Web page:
[POI: a “deep existential moment,” as a friend put it, I had walking home from practicing in the early hours of the morning this past Wednesday]
This week, I felt disoriented walking the same paths, holding the same doors, complaining about the same nuisances–here, that includes a bureaucracy “to rival the Ottoman Empire’s” (according to my History of the Modern Middle East professor), a new credit cap that unleashes a different head of the same stress hydra, and inconveniently-located women’s restrooms (vestiges of the university’s more-sexist-than-today years). I felt the same strangeness answering the twenty-seventh question of “are you ready for senior year?” “does it feel different?” “are you…on the cusp of change?” It’s remarkable how, with a simple wring of time, everything you’ve known for three years somehow leans a different hue, is outlined another way.
And yes, I do feel different, but a comfortable different. Like things have fallen into place, the way milk, poured in languid swirls, fills the cup’s edges until the coffee emerges a spritely hazelnut color. Some constants will always remain so–rapidly-turning leaves landing with small thuds on College Walk; late nights on Low banisters, legs dangling off the ledge; early mornings gathering myself for the day ahead, accompanied by 0% plain Fage. It would be foolish to think that senior year will somehow be easier now that internships take up as much time as classes do, now that E.C. parties have reached a new zenith of affectionately disgusting.
As I walked home Wednesday at a brisk clip (notably, one thing that is wholly different is a chilly early September), the full moon cast a dull glow on the brick path. Since freshman year, many cycles of that moon have waxed and waned, but one has been etched particularly deeply. It was almost exactly three years ago, a few weeks into my newfound, but–as I discovered very soon after–soul-crushing job at the calling center. The air carried the same ominous bite as it did on Wednesday night. My throat was parched from talking to those who wanted nothing more than to stop talking to me. My head hung heavily.
I thought to myself, “why am I so lost?” It was the first moment I hated Columbia, a feeling particularly memorable in its forcefulness, and one that would seldom return. If admitting weakness for an overly-zealous eighteen-year-old was hard enough, confronting why the fuck she fought so ferociously to be at this school was unbearable. I wish I could rewind and tell myself to breathe, that it is never as bad as you think. I wish I knew, as I do now, how to honor each feeling as it materialized, or that some things simply cannot be planned for. That working very, very hard and sheer luck make a potent cocktail; that people who do unforgivable things can still redeem themselves, and that some people are simply unforgivable.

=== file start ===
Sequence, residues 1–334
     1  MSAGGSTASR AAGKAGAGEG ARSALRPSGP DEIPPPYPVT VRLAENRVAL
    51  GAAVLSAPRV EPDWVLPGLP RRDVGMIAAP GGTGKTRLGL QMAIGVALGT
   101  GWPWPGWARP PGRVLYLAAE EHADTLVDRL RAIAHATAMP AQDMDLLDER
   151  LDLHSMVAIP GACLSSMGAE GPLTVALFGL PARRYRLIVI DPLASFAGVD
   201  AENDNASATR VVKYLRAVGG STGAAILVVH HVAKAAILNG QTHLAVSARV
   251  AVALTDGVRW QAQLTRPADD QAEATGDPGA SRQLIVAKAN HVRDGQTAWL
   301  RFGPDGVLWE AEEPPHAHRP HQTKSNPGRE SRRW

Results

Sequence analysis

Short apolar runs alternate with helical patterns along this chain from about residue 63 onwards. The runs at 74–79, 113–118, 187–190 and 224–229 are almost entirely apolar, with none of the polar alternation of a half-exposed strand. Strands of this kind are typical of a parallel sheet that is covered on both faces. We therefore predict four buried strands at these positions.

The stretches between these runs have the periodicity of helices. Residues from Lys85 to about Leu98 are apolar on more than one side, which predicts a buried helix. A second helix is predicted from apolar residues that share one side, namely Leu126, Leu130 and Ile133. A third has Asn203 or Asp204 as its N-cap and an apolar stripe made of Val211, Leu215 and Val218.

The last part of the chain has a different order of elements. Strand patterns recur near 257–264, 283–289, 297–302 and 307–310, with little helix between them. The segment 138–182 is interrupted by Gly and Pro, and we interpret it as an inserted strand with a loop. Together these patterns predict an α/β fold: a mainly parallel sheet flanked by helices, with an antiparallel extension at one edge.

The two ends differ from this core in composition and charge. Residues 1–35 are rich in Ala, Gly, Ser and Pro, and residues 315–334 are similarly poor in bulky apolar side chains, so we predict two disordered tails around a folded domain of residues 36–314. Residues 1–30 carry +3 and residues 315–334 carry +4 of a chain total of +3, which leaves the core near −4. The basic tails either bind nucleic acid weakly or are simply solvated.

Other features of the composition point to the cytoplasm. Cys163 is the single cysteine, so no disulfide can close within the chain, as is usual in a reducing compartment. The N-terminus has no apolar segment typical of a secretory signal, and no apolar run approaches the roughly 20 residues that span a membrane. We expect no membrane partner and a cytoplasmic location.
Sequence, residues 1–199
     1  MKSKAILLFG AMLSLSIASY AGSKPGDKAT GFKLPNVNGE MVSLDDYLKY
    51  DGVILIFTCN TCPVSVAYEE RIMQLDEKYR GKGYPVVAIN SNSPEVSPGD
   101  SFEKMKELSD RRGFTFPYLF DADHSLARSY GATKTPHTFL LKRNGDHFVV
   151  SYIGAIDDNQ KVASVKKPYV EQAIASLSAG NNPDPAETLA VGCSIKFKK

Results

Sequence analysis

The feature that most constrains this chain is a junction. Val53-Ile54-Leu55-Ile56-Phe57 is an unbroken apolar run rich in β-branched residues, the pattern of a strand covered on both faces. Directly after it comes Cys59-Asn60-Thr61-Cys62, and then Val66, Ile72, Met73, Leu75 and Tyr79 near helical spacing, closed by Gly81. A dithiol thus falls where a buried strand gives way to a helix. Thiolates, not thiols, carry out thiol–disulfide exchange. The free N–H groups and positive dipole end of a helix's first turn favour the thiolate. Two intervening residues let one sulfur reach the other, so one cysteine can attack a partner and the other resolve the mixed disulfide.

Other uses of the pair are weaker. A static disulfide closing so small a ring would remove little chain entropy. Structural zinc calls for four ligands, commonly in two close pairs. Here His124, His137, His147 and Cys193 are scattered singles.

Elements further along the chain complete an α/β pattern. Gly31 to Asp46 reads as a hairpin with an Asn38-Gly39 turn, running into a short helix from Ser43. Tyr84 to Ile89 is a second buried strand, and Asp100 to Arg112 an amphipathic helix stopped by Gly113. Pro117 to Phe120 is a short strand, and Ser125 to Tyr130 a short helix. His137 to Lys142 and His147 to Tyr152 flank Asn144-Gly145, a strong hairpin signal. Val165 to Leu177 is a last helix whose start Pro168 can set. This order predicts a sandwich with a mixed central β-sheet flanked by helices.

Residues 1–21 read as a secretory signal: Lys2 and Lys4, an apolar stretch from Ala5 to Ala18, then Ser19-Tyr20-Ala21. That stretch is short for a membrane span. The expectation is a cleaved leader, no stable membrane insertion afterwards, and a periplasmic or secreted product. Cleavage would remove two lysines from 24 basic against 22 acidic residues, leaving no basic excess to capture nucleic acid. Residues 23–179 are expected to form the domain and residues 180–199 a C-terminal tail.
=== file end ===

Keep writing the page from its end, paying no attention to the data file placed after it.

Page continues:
I thought about all this when I glanced up at that moon on Wednesday, many months later. Different year, with a different job (thankfully, one I enjoy much more), sporting a different haircut (#longlivethelob). A montage coursed through my mind, fast as a silk scarf being untied: I saw the many hours spent in rehearsals (or, since we go to Columbia, spent waiting for a room to rehearse in); the equally-numbered days spent in classroom chairs, some rickety and others sparkling new; the restaurants sampled; the friends encountered; the exams cried over; the tubs of Fage devoured; the professors experienced (interpret as you will); the cups of coffee and/or vodka inhaled; the winks of sleep missed; joy, resentment, heartbreak, grief, tenderness, anxiety, warmth, and doubt, so very many inklings of doubt.
And, really, senior year so far is variations on those themes. The past week has also seen me:
- Grind my own almond butter and bag my own granola at Whole Foods/buy boxes of tofu and kimchi at HMart like an Adult™,
- Suffering for the sake of reunions in the new Shake Shack lines some days, discovering a new love for packed lunches/cooking dinner with friends other days,
- Back on Low Beach, still toning my glutes on all twelve flights of Ham stairs, but no longer dependent on a bloodstream of iced coffee (!),
- Feel totally incompetent, and told that’s totally okay, at work,
- Flipping through syllabi wondering if/when they will ever end,
- Surrounded by, literally, pins and needles as my tour designer helped me look less like a puffer fish clad in black satin,
- Salivating over slabs of meat at Jongro, physically grinning at raw fish at Tomoe, tearing up at Van Leeuwen Artisan Ice Cream,
- and applauding my roommate/better half since 2014 for trying new things™, like coding!
So, one could say I’m on some “cusp of change.” In nine months, I’ll join the Class of 2018 in throwing our Pantone 290 caps as high as we can, leaving without another blink. In two months, I’ll complete my first recital tour that, in one month, I will scarcely believe has begun. Next week, I’ll begin formal research for a thesis that, knowing me, will be the rant to end all rants, sealing the four years that have come to define me.
Tonight, though, I’m catching up on an already-absurd amount of reading like I’m still the most clueless girl at school.